The real 99 percent

My first encounter with the Occupy Movement was through a spoof. A friend tagged me and some other bibliophiles in a photo of a luxurious library. Among the leather-bound books sat a series of makeshift tents, blankets and quilts strewn across the bookshelves and rocking chairs. Below the picture, my friend left the following caption:

Occupy the library! Doesn’t this look like fun?

I had known about the Occupy movement, heard about its protesters clogging the intersections and parks of New York and Seattle, but I hadn’t paid much attention to it. This is strange, considering that the demographic of demonstrators and I both share one of the movement’s primary contentions: the weight of student loan debt, which, in an economy like this, is crippling, forcing many to choose between bankruptcy and mortgage payments, medical expenses and groceries.

I suppose my disinterest comes from perspective. Although I am technically part of the 99%, I know what my student loans really bought me: freedom. My school loans were the only thing that could get me through college, and the choice between going to college and living with my dysfunctional family was an easy one.

The pulse of the Occupy movement, however, is that for most Americans, going into debt is more necessity than feels fair or just. People are compelled to live in debt because the economic systems that shape our institutions - our colleges, our hospitals, our banks - work with such high operating costs that you can’t not go into debt for a degree, a house, a medical procedure.

And the gap between who is rich and who is not, between the 1% and the rest of us, is so huge that most of us can’t even see it. The United States is one of the only developed countries in the world where there is such a sharp contrast between who is wealthy and who is not, who holds prosperity and who scrapes to get by.

The Occupy movement believes that the have-nots, which are most of us, are the silent majority. That we labor beneath a system that makes debt inevitable, that drives us to a working poverty.

But what I wonder about, as I try to understand the situation, is how our poverty compares with the real 99% - the rest of the world, where at least 1 billion people live on less than a dollar a day. I wonder how my student loan debt, which puts me in a particularly tight financial situation, compares to the lack of financial mobility that Kenyan farmers or Guatemalan mothers suffer.

I wonder how the face of my poverty compares to the faces of those who, on a global scale, go largely unnoticed.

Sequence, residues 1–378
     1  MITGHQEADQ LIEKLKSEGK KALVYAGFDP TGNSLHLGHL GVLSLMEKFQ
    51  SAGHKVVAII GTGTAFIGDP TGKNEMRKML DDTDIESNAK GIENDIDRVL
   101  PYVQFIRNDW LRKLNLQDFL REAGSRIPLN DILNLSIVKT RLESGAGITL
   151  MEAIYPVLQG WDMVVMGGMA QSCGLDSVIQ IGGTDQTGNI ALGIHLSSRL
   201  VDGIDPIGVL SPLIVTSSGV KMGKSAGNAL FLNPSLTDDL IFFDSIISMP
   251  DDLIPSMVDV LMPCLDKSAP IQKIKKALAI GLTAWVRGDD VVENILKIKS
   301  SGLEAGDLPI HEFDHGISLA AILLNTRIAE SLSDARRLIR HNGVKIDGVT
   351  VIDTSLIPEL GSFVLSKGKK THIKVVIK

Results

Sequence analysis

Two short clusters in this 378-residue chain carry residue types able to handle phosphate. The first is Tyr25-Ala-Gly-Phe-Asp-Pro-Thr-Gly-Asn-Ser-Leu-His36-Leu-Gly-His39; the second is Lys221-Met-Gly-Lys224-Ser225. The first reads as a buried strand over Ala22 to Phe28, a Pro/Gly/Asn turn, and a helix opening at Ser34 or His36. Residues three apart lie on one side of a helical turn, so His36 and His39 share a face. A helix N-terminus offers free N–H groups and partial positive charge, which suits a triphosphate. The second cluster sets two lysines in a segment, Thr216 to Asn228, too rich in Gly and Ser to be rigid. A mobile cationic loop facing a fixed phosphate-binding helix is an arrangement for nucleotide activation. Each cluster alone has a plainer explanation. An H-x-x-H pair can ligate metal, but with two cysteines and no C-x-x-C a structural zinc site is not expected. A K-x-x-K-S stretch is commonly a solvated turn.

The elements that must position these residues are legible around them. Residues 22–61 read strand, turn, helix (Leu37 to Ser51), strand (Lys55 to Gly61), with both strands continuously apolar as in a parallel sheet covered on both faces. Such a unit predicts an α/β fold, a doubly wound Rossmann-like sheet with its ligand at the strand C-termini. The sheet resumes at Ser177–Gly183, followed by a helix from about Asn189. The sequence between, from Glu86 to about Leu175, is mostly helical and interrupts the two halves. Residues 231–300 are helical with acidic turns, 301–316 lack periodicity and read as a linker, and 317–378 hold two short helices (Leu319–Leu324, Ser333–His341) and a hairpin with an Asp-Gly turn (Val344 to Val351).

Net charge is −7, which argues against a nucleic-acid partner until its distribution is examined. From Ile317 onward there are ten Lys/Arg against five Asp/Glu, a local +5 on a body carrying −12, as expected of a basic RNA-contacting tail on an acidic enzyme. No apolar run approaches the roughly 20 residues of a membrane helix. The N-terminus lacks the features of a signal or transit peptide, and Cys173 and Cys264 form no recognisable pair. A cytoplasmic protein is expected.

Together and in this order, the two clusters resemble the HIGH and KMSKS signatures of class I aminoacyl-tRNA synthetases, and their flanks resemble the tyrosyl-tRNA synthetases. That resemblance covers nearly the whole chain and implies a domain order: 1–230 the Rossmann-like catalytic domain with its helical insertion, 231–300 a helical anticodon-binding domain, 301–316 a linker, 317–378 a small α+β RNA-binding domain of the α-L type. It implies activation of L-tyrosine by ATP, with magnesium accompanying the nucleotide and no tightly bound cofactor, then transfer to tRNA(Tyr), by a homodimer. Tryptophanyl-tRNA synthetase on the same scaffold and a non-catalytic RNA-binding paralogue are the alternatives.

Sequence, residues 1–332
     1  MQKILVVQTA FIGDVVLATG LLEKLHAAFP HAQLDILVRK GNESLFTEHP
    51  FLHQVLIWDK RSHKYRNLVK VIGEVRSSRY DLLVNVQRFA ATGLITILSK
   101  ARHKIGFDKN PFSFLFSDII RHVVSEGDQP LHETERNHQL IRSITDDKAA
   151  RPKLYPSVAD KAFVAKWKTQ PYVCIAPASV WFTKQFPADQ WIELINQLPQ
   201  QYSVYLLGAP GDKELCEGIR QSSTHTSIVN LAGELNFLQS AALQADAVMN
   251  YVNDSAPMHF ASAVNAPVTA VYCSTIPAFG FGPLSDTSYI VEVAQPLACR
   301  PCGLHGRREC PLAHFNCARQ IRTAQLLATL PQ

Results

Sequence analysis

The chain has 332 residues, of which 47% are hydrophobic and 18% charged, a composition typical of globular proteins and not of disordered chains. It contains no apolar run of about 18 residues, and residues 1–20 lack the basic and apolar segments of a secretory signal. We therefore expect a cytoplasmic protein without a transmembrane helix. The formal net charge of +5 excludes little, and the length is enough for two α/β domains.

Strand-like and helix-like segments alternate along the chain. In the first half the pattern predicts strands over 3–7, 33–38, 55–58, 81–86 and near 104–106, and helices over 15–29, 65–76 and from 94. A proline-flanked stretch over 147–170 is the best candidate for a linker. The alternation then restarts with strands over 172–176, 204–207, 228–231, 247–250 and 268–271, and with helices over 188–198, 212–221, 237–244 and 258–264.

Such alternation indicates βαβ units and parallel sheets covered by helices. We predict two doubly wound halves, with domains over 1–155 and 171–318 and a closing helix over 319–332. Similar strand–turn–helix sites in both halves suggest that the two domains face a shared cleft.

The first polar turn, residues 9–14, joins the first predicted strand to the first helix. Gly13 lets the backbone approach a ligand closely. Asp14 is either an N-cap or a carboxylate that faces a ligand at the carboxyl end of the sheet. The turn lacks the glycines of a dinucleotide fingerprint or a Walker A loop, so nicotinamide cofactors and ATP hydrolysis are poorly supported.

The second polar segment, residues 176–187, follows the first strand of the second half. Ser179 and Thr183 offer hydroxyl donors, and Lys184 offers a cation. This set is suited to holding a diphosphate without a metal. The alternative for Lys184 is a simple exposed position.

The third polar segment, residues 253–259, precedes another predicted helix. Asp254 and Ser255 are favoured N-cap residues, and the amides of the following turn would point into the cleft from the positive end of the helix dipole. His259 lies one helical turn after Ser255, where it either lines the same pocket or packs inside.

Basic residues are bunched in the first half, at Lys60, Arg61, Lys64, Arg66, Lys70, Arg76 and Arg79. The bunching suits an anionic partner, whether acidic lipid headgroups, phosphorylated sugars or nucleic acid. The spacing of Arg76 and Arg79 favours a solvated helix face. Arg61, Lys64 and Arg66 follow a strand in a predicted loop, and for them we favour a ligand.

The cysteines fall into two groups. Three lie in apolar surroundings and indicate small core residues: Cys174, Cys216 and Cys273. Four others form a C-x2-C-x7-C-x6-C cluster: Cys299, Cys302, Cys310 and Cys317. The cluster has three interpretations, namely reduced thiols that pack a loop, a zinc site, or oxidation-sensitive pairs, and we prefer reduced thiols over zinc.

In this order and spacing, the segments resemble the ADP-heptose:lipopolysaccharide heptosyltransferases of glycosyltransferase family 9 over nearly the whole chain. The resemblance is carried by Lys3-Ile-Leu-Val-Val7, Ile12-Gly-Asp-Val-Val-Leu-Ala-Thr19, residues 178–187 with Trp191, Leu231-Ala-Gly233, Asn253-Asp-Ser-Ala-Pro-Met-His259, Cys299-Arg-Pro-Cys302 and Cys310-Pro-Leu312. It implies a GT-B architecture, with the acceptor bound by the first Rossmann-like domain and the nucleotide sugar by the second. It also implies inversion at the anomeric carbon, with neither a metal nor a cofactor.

My goal is not to diminish the situation to which the Occupy protesters speak. And I understand that, in a way, it is all connected - the Occupy movement has spread worldwide, and to know that people in Egypt and Grand Rapids, Mich., are protesting against wealth inequality and unfair debt is hopeful news.

But I wonder if my protesting should extend to the real silent majority. I wonder if we should form Occupy movements, not just for ourselves, but for the global poor, the famine sufferers, the children born with AIDS.

I wonder: should we be staging sit-ins in support of programs such as Feed the Future, a global initiative to fight malnutrition? Should we be occupying our streets not just for ourselves, but for those whose lives are marked by global economics in much more severe ways than ours?

Should we, at the least, be working just as hard for the economic well-being of others, as we focus on our own? Or will our protests just become more fodder for pop-culture jokes, while the unseen 99% continues to struggle?

(Photo courtesy of Brian Sims/Wikimedia Commons.)

Allison Backous teaches English at Kuyper College in Grand Rapids, Mich., and is also the creative writing editor for The Other Journal.

Comments (15)

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Apart from questions of assumptions about poverty and the cures for it that are unlikely to find significant agreement, the basic premise of this article is an important one, as it challenges us to broaden our perspective beyond our own personal, local, regional, or national self-interest. It raises the critical question, “Who is my neighbor in a globalized world?” The answer has significant implications for policy making.